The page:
On December 10, 2002, the High Court of Australia issued its decision in Dow Jones v. Gutnick, affirming the jurisdiction of the courts in the Australian State of Victoria to try a suit brought by Mr. Gutnick against Dow Jones for articles published by the latter on its Internet news service alleging that Mr. Gutnick was a money-launderer and tax evader.
Deeth Williams Wallhttp://www.dww.com/articles/defamation-and-internet-differing-approaches-us-and-australia
The UK Court of Appeal has issued its decision in Menashe Business Mercantile v. William Hill, a case involving the issue of whether an interactive gaming patent can be enforced against a server located outside the UK. The defendant had operated a gaming system available to computer owners in the UK and supplied customers with a program which allowed their computers to communicate with a host computer outside the UK via the Internet.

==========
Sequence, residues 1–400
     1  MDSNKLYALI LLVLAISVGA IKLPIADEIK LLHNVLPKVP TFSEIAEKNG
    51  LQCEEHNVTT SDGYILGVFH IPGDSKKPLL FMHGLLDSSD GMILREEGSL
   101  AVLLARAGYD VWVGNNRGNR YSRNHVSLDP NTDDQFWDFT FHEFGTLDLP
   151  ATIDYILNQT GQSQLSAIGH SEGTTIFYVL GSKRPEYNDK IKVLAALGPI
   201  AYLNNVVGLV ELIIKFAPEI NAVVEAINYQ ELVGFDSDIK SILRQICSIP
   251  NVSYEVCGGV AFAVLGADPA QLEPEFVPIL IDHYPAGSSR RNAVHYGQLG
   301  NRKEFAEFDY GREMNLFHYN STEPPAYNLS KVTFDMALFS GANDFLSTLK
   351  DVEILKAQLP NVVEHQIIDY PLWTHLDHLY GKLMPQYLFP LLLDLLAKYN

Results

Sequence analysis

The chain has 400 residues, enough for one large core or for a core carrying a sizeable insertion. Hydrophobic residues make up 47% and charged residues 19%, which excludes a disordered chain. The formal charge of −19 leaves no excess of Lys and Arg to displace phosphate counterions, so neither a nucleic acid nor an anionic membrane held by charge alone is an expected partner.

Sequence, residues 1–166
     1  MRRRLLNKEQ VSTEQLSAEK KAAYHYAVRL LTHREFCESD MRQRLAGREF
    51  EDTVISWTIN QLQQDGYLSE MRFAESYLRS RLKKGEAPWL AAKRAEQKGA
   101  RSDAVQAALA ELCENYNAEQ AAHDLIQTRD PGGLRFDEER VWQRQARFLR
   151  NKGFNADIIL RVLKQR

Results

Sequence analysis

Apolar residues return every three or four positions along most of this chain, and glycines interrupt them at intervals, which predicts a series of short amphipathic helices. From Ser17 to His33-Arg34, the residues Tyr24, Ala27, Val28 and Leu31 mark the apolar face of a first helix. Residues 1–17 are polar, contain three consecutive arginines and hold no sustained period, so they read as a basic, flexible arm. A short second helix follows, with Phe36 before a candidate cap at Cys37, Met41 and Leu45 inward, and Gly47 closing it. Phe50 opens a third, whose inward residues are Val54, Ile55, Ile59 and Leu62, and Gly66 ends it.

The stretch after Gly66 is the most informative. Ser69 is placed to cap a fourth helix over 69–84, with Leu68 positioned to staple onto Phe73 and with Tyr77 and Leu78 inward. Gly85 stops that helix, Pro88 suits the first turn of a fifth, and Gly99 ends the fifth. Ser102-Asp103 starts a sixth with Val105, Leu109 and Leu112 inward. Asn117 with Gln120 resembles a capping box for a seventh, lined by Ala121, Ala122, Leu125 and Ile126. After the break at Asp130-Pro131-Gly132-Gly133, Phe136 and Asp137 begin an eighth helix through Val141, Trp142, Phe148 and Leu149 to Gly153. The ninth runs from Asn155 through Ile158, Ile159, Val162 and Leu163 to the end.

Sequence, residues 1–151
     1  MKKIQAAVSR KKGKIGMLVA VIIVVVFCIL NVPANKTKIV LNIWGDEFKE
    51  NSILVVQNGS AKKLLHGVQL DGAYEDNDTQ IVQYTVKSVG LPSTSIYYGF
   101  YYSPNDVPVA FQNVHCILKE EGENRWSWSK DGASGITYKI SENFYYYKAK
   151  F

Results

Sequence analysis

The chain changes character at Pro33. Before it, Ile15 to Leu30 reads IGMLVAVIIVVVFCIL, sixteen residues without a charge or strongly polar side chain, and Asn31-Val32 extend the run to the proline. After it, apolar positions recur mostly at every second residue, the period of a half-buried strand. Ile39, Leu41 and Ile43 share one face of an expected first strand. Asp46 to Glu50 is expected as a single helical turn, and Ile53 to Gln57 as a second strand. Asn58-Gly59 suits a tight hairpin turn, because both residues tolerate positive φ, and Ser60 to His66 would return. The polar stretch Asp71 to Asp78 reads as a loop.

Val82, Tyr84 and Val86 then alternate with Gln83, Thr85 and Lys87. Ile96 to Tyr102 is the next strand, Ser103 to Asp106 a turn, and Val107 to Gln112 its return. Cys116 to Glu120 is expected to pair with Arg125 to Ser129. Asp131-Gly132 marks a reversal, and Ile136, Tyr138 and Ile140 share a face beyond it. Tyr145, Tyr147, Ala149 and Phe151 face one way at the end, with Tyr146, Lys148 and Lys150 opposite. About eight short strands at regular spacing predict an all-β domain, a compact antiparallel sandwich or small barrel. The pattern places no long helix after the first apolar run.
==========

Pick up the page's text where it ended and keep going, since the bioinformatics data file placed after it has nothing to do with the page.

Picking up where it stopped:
Deeth Williams Wallhttp://www.dww.com/articles/uk-court-of-appeal-rules-offshore-server-not-beyond-jurisdiction-of-interactive-gaming
Recently, the United States Securities Exchange Commission ("SEC") adopted a new Rule which permits Internet Investment Advisors to register with the SEC.
Prior to the new rule, investment advisors who provided advisory services over the Internet were prohibited from registering with the Commission because they did not fall within the provisions of section 203A of the Investment Advisers Act of 1940. Section 203A prohibits an advisor from registering with the Commission unless they are an advisor with a registered investment company or have more than $25 million of assets under management. As a result, Internet Investment Advisors were generally required to register with every State.
Deeth Williams Wallhttp://www.dww.com/articles/new-us-sec-exemption-provides-relief-for-internet-investment-advisors